Heritage Foundation: UAW Workers DO Cost $70/hr.

Robert Farago
by Robert Farago
heritage foundation uaw workers do cost 70 hr

Yes, yes, The Heritage Foundation. Right wing whack jobs. But TTAC is open to arguments from all ends of the political spectrum, from Prius-driving socialists to S65 AMG-driving free marketeers (I’m looking at you Shoes). As always, you’re free to make of this what you will. “The Detroit automakers explain in their SEC filings that their benefit expenses are for current workers, not former employees. This is because they follow generally accepted accounting principles in preparing these estimates. If the figures did include current retiree benefits, the average hourly amount would be much higher than they actually report. UAW employees earn far more than most Americans do.” So, now how much do they pay? “Chart 1 shows the average hourly compensation for UAW workers and the average compensation for all private sector workers. These figures are based upon calculations by the Detroit automakers themselves as published in SEC filings, their annual reports, and other materials. According to briefing materials prepared by General Motors, “The total of both cash compensation and benefits provided to GM hourly workers in 2006 amounted to approximately $73.26 per active hour worked.”

The Heritage Foundation has little time for the contention that legacy costs account for the $70/hour number. “These benefits cost the Detroit automakers significant amounts of money. Critics contend that these benefit figures include the cost of providing retirement and health benefits to currently retired workers, not just benefits for current workers. Since there are more retired than active employees this makes it appear that GM employees earn far more than they actually do. This contention contradicts the plain meaning of what the automakers have reported in SEC filings and in their public statements and would be contrary to generally accepted accounting principles.

“Chrysler, for example, reports paying $20.14 an hour in health costs for its hourly employees. That figure includes the estimated cost of their health benefits in retirement, calculated according to Financial Accounting Standard 106. The government does not allow Chrysler to promise to pay tens of thousands of dollars in health benefits in the future without reporting that cost on its balance sheets today.”

Bottom line?

“Congress should not tax all Americans to bailout the Detroit automakers in order to preserve high earnings for a few.” Nope, nothing contentious there.

[thanks to Robert Schwarz for the link]

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  • Fallout11 Fallout11 on Dec 12, 2008

    Another classic case of GM shooting themselves squarely in the appendage.

  • Gamarakone Gamarakone on Dec 12, 2008

    You have a compound problem.. when you solve a problem artificially. Dad goes to work for GM.. GM pays him good money... Dad has no reason to improve himself or the company... Dad get promoted and now makes decision due to seniority rather than education or merit. Son watches dad and says why stay in school and drops out to join GM. Now we have uneducated dad and uneducated son making cars for the us consumer who is much more educated thanks to the internet and Google. My friends and I went to school... we fight for every job we get.. we keep improving our selves every day and fight against other companies both US and foreign. The fear of loosing our jobs and loosing our footing on the job, this keeps us sharp. We need the fear of god put into the US workers... for that I am willing to endure a long and hard recession. We are being taken by German and Japaneese who have high costs of labour... wait till we get the Korean now followed by Chineese and Indian cars in a few years.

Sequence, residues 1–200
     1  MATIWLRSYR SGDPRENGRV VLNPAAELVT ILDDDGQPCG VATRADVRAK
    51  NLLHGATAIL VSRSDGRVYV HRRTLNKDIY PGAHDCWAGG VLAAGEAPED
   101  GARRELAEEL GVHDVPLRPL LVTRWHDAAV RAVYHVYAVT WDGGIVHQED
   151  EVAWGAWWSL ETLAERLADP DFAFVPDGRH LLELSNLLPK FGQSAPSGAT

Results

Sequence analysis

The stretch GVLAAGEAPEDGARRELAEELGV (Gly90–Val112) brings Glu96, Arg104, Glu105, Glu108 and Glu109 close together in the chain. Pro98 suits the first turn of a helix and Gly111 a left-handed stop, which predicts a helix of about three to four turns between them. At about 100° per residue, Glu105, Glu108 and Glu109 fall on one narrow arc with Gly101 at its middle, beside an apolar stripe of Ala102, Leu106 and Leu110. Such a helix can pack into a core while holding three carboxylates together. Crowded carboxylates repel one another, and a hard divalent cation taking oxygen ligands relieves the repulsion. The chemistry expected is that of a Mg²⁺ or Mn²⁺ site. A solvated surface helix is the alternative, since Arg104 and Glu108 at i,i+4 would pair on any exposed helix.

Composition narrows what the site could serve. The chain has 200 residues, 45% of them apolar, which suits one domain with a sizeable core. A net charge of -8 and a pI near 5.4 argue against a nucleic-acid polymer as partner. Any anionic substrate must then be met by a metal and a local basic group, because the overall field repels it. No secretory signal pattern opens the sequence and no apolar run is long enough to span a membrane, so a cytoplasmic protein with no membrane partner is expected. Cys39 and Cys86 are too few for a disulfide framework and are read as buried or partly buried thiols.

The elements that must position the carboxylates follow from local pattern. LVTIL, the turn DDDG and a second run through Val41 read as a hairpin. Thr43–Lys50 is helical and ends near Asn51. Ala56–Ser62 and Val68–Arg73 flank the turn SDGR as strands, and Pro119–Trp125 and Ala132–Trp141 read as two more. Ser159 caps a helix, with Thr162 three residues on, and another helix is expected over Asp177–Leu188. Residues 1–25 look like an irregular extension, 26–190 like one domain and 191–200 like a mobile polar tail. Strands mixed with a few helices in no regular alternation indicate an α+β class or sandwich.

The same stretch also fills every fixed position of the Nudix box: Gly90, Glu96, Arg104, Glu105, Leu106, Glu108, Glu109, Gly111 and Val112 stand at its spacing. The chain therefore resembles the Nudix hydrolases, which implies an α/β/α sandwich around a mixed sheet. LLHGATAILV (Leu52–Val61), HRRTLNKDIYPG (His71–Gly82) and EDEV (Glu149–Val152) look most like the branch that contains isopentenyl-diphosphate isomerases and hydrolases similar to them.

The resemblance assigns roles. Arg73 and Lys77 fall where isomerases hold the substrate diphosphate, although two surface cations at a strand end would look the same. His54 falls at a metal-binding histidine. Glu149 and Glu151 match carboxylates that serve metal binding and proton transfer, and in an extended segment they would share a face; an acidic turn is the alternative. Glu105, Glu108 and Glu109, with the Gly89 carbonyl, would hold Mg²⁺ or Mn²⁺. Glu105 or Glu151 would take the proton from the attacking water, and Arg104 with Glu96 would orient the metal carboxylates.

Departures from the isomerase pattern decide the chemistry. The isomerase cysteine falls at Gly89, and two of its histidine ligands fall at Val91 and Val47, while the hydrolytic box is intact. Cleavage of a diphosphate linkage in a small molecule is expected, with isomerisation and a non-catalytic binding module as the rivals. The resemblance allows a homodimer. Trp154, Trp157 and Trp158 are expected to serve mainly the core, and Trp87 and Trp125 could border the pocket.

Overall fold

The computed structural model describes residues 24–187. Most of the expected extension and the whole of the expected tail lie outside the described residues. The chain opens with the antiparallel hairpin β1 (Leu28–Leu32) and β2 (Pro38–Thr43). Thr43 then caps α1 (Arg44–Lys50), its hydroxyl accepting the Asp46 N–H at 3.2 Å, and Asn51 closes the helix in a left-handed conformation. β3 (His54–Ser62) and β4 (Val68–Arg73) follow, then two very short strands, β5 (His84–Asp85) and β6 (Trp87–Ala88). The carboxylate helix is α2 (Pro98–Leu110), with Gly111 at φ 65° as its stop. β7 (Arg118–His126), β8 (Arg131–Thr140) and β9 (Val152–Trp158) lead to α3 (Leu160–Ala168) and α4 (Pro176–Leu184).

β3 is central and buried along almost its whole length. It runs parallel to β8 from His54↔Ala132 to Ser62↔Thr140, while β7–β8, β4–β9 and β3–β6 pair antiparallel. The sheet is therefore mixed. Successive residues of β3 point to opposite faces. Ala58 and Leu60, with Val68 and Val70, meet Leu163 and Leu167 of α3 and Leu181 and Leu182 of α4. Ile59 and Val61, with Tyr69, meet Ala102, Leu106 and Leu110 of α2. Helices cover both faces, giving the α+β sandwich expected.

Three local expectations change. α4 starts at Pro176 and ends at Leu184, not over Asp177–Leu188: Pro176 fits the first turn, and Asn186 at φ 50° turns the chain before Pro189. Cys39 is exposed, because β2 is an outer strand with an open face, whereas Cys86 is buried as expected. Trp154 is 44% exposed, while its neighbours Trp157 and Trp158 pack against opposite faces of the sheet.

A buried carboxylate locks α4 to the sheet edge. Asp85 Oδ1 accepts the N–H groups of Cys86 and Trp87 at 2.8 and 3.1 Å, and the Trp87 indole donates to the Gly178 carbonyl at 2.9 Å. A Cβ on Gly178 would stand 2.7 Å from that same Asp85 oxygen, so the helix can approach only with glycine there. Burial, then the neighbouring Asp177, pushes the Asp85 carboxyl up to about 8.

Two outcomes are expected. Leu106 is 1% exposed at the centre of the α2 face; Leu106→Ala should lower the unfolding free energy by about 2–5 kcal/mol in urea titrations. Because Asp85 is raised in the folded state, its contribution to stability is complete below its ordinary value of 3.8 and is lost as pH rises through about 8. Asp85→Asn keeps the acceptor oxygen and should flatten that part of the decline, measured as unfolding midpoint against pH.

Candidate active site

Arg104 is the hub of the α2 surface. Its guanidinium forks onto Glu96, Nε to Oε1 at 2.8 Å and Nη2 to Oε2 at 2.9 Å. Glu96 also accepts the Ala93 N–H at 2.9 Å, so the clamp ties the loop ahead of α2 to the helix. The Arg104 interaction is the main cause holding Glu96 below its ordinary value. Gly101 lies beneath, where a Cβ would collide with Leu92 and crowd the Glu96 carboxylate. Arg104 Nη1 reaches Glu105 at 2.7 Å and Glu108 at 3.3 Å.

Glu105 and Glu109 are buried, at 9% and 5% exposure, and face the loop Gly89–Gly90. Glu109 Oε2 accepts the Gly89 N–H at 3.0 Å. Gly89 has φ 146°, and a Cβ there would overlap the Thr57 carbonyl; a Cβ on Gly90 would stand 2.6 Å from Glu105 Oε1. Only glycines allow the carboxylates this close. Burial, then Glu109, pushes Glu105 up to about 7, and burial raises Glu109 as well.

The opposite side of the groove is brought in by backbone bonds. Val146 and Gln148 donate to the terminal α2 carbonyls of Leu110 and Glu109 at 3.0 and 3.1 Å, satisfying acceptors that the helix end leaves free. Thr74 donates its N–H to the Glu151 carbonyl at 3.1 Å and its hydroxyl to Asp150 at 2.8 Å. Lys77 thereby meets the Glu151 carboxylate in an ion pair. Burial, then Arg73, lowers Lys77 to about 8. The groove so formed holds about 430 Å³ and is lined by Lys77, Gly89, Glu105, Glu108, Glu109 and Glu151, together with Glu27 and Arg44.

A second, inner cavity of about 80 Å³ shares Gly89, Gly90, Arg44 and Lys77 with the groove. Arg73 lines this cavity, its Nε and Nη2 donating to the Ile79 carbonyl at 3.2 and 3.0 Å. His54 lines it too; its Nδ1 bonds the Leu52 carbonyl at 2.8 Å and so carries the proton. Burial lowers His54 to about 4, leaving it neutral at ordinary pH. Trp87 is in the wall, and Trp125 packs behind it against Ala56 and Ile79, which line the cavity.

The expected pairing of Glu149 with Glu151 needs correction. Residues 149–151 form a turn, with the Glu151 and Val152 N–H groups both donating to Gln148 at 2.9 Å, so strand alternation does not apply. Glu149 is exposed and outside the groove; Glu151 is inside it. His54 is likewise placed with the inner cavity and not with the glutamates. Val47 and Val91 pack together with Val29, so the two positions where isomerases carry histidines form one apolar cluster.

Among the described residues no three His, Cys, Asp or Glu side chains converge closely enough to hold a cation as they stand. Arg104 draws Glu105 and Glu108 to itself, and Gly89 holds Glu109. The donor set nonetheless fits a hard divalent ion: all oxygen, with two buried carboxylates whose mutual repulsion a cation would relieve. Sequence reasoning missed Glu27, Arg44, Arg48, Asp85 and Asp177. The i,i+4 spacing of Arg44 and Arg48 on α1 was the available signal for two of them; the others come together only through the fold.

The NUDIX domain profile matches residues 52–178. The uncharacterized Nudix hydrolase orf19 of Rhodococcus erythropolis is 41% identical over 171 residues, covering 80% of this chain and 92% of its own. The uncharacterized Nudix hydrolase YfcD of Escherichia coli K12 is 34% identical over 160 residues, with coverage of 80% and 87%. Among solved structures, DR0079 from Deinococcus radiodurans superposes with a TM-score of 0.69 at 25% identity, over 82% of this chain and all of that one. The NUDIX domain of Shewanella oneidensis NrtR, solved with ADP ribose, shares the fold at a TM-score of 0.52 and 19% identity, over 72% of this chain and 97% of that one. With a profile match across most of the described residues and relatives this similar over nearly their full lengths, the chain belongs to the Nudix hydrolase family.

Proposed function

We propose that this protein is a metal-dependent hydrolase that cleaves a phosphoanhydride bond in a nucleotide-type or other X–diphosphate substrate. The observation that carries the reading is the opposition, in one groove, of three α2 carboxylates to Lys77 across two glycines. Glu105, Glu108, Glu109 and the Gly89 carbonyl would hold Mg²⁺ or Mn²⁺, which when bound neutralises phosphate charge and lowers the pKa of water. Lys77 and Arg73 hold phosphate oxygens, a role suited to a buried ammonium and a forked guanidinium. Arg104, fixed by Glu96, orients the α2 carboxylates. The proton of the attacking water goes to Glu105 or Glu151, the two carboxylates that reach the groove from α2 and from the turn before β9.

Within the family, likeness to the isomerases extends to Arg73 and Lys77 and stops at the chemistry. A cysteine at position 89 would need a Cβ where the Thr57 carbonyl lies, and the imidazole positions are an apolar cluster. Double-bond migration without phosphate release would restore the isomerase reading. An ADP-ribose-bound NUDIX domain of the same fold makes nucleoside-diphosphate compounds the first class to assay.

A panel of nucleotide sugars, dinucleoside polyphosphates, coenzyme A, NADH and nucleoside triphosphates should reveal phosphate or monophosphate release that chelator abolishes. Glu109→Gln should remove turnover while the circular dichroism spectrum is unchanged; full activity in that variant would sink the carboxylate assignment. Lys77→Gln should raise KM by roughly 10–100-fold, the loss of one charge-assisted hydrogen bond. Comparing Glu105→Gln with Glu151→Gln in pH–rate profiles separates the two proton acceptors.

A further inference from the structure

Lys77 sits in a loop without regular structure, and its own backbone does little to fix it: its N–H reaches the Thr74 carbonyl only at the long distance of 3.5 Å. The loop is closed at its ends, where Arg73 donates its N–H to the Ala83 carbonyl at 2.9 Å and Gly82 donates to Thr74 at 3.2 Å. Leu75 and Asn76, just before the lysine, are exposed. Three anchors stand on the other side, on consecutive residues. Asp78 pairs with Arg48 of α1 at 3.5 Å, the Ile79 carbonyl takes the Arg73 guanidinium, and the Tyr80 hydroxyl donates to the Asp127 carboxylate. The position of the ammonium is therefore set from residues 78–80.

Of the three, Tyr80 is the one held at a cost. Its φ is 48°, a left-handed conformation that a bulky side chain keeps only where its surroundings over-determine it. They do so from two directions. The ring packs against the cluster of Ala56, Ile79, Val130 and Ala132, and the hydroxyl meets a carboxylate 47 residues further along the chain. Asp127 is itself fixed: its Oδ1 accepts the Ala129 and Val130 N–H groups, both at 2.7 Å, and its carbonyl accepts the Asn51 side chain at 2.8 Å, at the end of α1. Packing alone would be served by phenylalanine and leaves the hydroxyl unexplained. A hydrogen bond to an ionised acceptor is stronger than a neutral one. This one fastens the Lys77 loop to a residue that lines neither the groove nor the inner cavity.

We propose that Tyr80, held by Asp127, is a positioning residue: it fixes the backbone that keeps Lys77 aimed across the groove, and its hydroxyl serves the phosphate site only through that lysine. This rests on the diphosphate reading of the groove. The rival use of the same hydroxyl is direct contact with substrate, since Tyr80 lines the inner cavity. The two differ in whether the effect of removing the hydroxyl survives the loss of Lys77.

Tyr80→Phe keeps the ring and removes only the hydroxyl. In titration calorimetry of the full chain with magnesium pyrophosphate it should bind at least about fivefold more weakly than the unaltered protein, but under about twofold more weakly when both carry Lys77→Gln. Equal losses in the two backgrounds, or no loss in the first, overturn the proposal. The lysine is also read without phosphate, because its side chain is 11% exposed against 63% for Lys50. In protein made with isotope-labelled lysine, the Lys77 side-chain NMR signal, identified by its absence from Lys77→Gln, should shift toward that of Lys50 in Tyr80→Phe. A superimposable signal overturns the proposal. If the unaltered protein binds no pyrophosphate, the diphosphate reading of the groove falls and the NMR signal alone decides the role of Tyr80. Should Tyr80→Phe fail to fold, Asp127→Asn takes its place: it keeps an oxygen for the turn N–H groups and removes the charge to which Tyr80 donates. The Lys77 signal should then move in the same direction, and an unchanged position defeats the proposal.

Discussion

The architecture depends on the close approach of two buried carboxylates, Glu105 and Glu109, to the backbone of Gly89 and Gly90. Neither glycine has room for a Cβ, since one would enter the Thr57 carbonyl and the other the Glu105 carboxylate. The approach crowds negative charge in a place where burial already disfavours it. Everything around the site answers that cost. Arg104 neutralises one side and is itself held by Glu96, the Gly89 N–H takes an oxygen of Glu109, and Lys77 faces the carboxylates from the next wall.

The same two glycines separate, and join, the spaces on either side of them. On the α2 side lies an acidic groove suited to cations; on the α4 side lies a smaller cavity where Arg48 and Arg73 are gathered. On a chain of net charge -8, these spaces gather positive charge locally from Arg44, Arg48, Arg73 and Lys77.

• ToolGuy Seems pretty reasonable to me. (Sorry)
  • Luke42 When I moved from Virginia to Illinois, the lack of vehicle safety inspections was a big deal to me. I thought it would be a big change.However, nobody drives around in an unsafe car when they have the money to get their car fixed and driving safely.Also, Virginia's inspection regimine only meant that a car was safe to drive one day a year.Having lived with and without automotive safety inspections, my confusion is that they don't really matter that much.What does matter is preventing poverty in your state, and Illinois' generally pro-union political climate does more for automotive safety (by ensuring fair wages for tradespeople) than ticketing poor people for not having enough money to maintain their cars.
  • ToolGuy When you are pulled over for speeding, whether you are given a ticket or not should depend on how attractive you are.Source: My sister 😉
  • Kcflyer What Toyota needs is a true full size body on frame suv to compete with the Expedition and Suburban and their badge engineered brethren. The new sequoia and LX are too compromised in capacity by their off road capabilities that most buyers will never use.
  • ToolGuy Rock crushes scissors, scissors cut paper, paper covers rock, and drywall dents sheet metal.